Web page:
Endless Night is one of the very best books that Agatha Christie wrote in the last fifteen years of her life. I think it's under-rated, perhaps because it re-uses one of her earlier ideas for a plot twist. But it does so in a very pleasing way. Not an easy book to adapt for the big screen, though, and the 1972 film version is not, I think, widely admired.
But when I saw it as a student, I enjoyed it, and when I watched it again the other night, I enjoyed it all over again. This was the last film directed by Sidney Gilliat, a talented director whose previous work included the film of Green for Danger, and a writing credit for The Lady Vanishes. He does a fairly good job of handling the plot twists, though of necessity he has to make various changes to the story structure. One or two scenes are a little clumsy, but overall I think it works.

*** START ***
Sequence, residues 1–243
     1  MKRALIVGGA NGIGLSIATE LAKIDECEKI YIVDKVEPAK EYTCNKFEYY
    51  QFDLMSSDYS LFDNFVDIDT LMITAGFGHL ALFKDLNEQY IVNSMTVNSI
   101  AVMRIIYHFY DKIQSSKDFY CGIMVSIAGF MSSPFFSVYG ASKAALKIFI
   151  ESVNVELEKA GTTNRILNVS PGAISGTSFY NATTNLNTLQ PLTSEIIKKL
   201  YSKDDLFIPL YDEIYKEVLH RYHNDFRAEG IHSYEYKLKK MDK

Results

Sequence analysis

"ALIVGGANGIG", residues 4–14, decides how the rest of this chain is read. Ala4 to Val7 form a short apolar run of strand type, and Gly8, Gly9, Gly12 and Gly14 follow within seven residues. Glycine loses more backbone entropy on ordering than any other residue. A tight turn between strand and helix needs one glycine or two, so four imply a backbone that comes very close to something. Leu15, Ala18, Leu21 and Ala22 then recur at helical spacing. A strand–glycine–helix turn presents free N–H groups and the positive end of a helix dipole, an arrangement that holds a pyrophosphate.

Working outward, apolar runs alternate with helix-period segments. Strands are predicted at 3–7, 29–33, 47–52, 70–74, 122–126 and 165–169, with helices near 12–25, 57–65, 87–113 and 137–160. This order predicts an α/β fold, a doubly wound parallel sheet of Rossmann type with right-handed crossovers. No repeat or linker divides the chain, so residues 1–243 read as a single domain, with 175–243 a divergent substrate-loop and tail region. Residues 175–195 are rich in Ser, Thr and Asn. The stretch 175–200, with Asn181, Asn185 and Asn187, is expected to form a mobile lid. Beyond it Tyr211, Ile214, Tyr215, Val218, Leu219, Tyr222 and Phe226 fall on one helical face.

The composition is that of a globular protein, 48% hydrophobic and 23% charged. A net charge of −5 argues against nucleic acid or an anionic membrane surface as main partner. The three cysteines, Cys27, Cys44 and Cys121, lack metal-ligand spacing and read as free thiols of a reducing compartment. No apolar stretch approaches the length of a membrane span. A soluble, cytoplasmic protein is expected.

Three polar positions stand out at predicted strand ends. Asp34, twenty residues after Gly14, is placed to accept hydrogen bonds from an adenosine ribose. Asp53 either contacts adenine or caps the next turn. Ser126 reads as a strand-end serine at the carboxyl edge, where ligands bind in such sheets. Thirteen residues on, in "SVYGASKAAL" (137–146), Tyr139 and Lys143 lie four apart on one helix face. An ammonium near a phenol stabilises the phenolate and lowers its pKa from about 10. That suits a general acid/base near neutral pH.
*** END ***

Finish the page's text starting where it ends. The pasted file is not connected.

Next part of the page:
Gilliat had the benefit of an excellent cast. Hywel Bennett, who plays Mike Rogers, a drifter who marries a rich woman, is excellent. At around this time, Bennett was a bankable actor. He was charismatic, and very good at playing ambivalent characters. He'd have been superb as one of Ruth Rendell's amiable sociopaths - what a shame this never happened. And he was very good as the homicidal doctor in the 70s TV version of Malice Aforethought.
Two contrastingly beautiful women, Hayley Mills and Britt Ekland, play crucial roles in the story, while George Sanders is suitably suave as the family lawyer, and Peter Bowles plays the likeable cad with his customary gusto. This is an eerie mystery, about an apparent curse, a magnificent house, and a diabolical murder scheme, and it all makes for good entertainment.